By Warren Brown
Washington Post Staff Writer
Sunday, August 29, 2004
It was a "pre-production model," which means it wasn't ready for market. But that may have been a ruse, a hedge against something that could have gone wrong on the test drive.
Car companies do that sort of thing when introducing new models to the media. The "pre-production" label provides a built-in excuse for possible error. "We'll fix that in the regular production run," auto executives say.
But there was little need for that funny business with the 2005 Subaru Outback 3.0 R/L.L. Bean Edition wagon. Maybe the name could have been shortened. But that was about it. "Pre-production" or not, the wagon was darned near perfect. It proved yet again that Subaru was right to flirt with, but not commit itself to, the SUV craze.
The flirtation began in 1995, when America's greatly misunderstood and misdiagnosed lust for sport-utility vehicles was coming into full bloom. It wasn't a matter of unbridled ego, or wanton disregard for the environment or public safety, as alleged in Keith Bradsher's hysterical and statistically inaccurate tome, "High and Mighty SUVs: The World's Most Dangerous Vehicles and How They Got That Way."
It was a matter of rational, compensatory consumer behavior.
The U.S. government all but killed family station wagons in the 1970s with its politically inspired, non-science-based corporate average fuel economy (CAFE) rule. CAFE required car companies to sell new-vehicle fleets having an arbitrarily pegged miles-per-gallon standard.
That "sell" verb is all-important, because CAFE did not and does not require consumers to buy what the car companies want to sell. Moreover, it was a loophole-ridden rule that restricted sales of fuel-efficient, foreign-made vehicles for CAFE purposes. That is, a U.S. car company could not use products made overseas to improve its CAFE score.
So, U.S. car companies got into a frenzy of vehicle downsizing that eventually led to the near-death of the station wagon and other big family carriers. The problem was that big families didn't die. They continued, along with their need for vehicles that carry lots of people and stuff.
Chrysler in 1984 exploited one of those CAFE loopholes by introducing a truck-based "minivan," which, because it was regarded as a truck, had a lower CAFE standard than a car. Ford Motor Co. and what was then the American Motors Corp.'s Jeep went several steps further, turning trucks into "sport-utility vehicles" -- family rides that had a higher sex appeal than minivans.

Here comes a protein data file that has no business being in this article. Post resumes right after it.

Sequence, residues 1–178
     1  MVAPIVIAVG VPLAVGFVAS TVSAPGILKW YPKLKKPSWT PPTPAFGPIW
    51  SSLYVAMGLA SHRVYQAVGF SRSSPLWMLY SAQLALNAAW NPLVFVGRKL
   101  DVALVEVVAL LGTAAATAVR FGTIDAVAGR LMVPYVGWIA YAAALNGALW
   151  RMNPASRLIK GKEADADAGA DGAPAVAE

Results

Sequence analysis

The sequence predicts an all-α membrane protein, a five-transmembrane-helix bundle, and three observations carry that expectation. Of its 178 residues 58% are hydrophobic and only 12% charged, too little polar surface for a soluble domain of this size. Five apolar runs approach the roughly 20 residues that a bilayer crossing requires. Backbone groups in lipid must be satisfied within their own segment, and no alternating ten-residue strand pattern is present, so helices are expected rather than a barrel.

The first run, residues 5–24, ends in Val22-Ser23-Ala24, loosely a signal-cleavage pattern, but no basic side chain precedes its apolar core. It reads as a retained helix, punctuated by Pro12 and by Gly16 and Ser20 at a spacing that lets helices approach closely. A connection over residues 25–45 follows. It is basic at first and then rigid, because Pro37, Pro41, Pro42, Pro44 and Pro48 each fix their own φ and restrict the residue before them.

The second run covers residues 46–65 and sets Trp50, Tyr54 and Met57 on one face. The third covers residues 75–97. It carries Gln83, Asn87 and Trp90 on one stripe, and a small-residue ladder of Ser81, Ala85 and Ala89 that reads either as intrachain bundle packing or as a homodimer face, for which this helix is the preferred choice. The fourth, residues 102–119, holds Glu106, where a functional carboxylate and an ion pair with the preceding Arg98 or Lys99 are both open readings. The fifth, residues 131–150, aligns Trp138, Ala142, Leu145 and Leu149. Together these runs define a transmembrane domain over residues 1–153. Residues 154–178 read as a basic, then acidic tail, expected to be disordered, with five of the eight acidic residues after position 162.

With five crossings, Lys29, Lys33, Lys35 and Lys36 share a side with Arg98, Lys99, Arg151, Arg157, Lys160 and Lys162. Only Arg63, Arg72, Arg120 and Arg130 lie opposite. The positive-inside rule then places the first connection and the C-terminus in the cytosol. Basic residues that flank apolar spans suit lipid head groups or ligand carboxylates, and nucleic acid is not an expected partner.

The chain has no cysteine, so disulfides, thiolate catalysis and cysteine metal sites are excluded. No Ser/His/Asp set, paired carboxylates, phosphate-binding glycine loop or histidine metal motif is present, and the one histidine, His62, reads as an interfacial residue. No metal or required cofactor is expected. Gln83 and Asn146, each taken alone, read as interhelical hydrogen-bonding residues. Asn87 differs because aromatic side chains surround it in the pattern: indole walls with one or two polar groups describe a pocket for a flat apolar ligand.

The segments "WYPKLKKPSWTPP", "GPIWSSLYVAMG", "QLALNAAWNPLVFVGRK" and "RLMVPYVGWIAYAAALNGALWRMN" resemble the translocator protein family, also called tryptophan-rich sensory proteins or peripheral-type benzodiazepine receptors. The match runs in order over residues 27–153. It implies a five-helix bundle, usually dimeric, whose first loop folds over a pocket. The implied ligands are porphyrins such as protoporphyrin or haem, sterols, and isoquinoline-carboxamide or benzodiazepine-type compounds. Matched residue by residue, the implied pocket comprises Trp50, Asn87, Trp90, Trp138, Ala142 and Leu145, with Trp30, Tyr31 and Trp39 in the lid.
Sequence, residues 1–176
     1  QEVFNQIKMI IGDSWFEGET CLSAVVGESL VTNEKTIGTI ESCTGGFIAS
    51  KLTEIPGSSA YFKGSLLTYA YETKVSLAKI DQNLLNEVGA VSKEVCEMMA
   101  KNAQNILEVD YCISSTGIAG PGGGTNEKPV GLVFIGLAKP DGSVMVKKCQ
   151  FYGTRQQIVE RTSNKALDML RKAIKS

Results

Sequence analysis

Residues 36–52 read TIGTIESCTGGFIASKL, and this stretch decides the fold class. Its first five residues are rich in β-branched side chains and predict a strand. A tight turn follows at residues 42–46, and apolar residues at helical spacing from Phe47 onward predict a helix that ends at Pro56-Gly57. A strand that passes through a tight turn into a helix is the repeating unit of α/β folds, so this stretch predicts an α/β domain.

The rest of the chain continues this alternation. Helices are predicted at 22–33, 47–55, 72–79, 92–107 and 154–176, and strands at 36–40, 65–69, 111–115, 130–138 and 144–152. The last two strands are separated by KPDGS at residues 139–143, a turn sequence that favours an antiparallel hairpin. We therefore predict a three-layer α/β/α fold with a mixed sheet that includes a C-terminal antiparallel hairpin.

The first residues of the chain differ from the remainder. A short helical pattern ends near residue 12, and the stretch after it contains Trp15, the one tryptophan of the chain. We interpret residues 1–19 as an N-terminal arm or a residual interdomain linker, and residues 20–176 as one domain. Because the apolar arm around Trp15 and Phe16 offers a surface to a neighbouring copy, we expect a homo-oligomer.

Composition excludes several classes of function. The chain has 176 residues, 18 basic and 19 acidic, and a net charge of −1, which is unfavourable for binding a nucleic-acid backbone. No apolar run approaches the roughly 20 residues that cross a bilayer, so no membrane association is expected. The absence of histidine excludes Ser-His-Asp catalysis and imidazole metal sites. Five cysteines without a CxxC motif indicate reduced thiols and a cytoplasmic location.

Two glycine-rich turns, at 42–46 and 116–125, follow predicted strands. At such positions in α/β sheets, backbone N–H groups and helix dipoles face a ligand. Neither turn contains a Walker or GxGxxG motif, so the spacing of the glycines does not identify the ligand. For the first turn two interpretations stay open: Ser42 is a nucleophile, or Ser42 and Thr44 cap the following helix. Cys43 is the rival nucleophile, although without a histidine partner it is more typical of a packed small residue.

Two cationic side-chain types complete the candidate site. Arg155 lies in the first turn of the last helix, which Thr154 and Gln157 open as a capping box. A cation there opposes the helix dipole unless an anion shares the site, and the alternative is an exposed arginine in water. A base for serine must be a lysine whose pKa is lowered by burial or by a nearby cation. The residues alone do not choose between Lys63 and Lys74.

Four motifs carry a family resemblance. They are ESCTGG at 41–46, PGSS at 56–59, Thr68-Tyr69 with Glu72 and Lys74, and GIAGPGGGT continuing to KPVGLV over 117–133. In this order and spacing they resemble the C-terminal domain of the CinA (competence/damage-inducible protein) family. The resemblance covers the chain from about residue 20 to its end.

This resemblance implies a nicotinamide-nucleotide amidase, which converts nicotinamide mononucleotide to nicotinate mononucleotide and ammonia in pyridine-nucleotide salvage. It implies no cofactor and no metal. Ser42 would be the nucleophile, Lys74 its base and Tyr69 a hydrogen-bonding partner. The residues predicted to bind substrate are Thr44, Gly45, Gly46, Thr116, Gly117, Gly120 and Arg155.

Consumers went SUV crazy. Why not? They got family haulers with cachet instead of CAFÉ at what appeared to be reasonable prices in a land with the cheapest gasoline in the developed world. It was a good fit for them and for auto marketers, so much so that Subaru in 1995 decided to introduce the "rugged" Outback, which then was nothing more than a Subaru Legacy wagon with SUV pretensions. Surprisingly, that fake-mobile sold and sold well.
Subaru learned something: It wasn't so much that Americans wanted SUVs. They simply wanted a vehicle that would carry all of their people and belongings, run well through inclement weather, and at least look as though it offered protection against the evils of the driving world.
Over the years, Subaru steadily improved the Outback -- boosting its horsepower, substantially improving its suspension system and improving its ride, handling and overall build quality and engineering. The 2005 Outback 3.0 R/L.L. Bean Edition is the end result of those efforts -- with a twist.
The Outback is now so good it no longer has to pretend to be an SUV, or even a "crossover SUV/wagon." It is a station wagon, plain and simple.
It has more sex appeal than most SUVs -- nicely tapered exterior lines capped by a fastback roof. The L.L. Bean-inspired interior is all rich, feel-good wood-and-leather stuff, right down to the steering wheel and gearshift lever. The wagon is loaded with standard equipment, including four-stage heated driver and passenger front seats and standard head air bags, at a price substantially lower than those of comparably equipped SUVs.
And then, of course, there is the Outback 3.0 R's splendiferous all-wheel-drive system mated to a five-speed automatic transmission and a 3-liter, 24-valve, 250 horsepower Boxer, horizontally opposed, 6-cylinder engine. That's a 38-horsepower improvement over the previous version of that engine.
Add to all of those features ample cargo space, substantially better-than-SUV fuel economy, easy parking ability, easier passenger entrance and exit -- and you get an idea of where the U.S. auto market is heading in the next few years. To wit: Station wagons will resume their rightful role as the nation's leading family haulers.
SUVs will reassume their position as the truly rugged carriers of choice. For example, look for a move from car-like unitized construction back to traditional body-on-frame SUV construction, as represented by the 2005 Nissan Pathfinder. SUVs ultimately will serve a much smaller number of buyers than they do today. And the rest of the world, SUV haters and lovers alike, will learn what Subaru has known all along:
The market makes the rules. Consumers -- not politicians, not car companies, not advertising agencies -- make the market.